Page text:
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290                  JOUBNEYS IN KURDISTAN       LETTER xxix

to be witnessed in the hall, which is roughly paved
with irregular slabs of stone. On the rude stone settle
men are sitting or sleeping, or a carpenter is using
it as his bench, or a sheep is being cut up on it. At
the end of a passage is the "house," a high, big,
blackened room, with shelving floors of earth and rock,
ovens in the floors, great quaraglis holding grain, piles
of wood, men sawing logs, huge pots, goat-skins of
butter hanging from the rafters, spinning-wheels, a
loom, great roughly-cut joints of meat, piles of potatoes,
women ceaselessly making blankets of bread, to be used
as tablecloths before being eaten, preparations for the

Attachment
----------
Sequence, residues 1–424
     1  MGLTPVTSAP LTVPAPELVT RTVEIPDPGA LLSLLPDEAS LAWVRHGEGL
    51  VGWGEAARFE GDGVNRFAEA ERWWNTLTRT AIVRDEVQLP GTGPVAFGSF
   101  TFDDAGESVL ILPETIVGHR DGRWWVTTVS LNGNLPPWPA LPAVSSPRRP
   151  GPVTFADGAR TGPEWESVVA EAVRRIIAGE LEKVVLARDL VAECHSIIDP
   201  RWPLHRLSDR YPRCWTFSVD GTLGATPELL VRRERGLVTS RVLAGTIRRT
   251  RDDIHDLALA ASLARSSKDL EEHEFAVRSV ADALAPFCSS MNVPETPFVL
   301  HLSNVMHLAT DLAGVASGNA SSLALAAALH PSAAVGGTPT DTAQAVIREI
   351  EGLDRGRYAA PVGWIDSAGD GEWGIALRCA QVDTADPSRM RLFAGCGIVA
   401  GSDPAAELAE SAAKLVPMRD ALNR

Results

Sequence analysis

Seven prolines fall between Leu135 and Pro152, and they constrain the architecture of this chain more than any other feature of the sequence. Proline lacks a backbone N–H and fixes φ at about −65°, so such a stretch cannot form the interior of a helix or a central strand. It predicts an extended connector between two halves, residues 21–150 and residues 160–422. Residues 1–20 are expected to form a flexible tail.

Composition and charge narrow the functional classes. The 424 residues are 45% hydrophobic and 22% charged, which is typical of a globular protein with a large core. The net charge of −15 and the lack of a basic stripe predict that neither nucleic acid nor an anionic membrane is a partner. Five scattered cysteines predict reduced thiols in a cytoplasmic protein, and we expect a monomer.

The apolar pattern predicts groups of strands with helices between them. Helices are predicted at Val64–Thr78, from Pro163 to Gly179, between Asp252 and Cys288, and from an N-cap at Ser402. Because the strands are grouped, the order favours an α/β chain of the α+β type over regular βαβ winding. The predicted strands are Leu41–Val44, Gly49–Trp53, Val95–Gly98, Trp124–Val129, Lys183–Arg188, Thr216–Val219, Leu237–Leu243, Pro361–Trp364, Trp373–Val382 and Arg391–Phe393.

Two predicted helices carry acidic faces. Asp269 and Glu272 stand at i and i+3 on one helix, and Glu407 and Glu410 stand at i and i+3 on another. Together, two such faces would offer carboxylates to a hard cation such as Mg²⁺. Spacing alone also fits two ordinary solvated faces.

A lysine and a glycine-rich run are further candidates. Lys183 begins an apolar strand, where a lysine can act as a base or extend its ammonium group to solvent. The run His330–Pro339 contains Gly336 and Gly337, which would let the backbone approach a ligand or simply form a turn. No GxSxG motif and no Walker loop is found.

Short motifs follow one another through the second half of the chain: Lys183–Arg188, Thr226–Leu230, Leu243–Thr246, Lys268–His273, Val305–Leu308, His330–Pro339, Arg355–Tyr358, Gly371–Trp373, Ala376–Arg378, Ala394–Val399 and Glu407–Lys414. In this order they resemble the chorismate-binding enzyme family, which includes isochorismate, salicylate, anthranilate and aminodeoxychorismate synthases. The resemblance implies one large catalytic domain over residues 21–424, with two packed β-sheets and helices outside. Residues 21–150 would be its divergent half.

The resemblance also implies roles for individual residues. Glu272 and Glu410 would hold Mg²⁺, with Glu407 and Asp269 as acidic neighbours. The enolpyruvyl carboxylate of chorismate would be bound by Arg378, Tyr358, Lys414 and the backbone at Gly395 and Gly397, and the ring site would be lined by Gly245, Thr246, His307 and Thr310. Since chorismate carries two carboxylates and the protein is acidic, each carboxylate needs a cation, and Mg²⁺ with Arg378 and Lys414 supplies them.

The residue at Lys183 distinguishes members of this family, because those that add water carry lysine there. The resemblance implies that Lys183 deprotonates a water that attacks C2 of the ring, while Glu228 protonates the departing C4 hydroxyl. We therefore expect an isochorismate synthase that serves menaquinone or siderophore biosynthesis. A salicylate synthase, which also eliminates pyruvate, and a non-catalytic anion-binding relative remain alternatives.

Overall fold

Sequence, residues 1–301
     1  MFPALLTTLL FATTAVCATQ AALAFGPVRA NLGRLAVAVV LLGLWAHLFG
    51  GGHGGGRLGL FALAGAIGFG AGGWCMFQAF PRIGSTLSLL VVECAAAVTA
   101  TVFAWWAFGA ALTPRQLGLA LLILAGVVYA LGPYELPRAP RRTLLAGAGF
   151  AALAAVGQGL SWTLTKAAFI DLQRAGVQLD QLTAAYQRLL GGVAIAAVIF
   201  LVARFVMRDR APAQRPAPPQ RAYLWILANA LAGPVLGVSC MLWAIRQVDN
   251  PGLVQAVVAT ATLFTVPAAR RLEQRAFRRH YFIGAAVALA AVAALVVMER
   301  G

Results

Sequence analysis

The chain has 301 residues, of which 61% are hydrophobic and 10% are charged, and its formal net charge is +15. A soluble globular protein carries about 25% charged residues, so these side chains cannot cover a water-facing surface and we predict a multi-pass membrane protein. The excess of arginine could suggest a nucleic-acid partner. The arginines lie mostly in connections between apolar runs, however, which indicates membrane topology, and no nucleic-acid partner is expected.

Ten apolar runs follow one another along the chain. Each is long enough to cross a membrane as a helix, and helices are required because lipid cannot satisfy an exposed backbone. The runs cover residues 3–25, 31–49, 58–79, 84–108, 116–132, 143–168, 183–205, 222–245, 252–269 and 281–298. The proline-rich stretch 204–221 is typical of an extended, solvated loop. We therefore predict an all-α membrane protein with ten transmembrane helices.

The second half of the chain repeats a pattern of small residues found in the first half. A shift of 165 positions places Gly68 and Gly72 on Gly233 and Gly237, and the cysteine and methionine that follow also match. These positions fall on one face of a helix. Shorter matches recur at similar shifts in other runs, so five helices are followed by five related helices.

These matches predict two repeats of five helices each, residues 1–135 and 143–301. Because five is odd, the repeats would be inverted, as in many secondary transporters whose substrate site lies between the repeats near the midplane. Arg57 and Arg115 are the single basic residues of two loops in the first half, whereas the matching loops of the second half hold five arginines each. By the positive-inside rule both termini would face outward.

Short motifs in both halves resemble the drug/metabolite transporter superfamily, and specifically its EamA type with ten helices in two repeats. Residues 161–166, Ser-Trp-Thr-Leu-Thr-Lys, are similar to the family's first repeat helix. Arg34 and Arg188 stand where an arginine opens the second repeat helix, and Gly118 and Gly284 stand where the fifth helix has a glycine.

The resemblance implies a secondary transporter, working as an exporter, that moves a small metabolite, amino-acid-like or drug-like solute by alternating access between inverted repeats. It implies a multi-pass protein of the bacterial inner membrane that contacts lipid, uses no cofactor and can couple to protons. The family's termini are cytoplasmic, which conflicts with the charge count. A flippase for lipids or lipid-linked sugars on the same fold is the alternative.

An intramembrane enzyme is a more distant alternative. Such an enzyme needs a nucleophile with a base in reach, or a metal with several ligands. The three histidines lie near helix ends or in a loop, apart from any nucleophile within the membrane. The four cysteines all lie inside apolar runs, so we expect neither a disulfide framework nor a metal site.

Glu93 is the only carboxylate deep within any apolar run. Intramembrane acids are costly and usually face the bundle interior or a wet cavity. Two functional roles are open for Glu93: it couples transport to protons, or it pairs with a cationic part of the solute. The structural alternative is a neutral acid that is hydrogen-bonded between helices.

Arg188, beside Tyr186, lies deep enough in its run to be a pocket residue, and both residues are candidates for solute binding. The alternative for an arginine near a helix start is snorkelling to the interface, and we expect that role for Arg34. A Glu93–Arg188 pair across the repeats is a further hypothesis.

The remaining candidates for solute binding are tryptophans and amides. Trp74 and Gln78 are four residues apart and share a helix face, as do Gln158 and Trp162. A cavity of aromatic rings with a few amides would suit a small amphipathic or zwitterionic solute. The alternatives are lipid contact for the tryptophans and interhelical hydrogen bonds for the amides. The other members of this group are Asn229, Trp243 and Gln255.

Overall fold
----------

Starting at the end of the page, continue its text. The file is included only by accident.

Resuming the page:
ceaseless meals involved by the unbounded hospitality
of the house, and numbers of daggered serving-men, old,
women, and hangers-on. This room is only lighted from
the doors and from a hole in the roof. Nearly opposite is
a low dark lobby, from which open my room, sixteen feet
square, with walls three feet thick, and Mar Shimun's
room, about the same size, which serves him for sleeping,
eating, reception-room, and office.

On the same side of the hall are two guest-rooms,
now packed to their utmost capacity, and a large room
in which Ishai, the Patriarch's half-brother, a young man
of exceeding beauty, lives, with his lovely wife, Asiat, and
their four children. In a ruinous-looking tower attached
to the main building Mr. Browne has his abode, up a
steep ladder. Below there are houses inhabited by the
Patriarch's relations, one of whom, Marta, is a dignified
and charming woman, and the mother of Mar Auraham,
the Patriarch-designate, whose prospective dignity is the
subject of much intrigue.

The presiding genius of the Patriarch's household is
his sister Sulti, a capable woman of forty, who has re-
mained unmafried in order to guide his house, and who
rules as well as guides. When she sleeps I know not.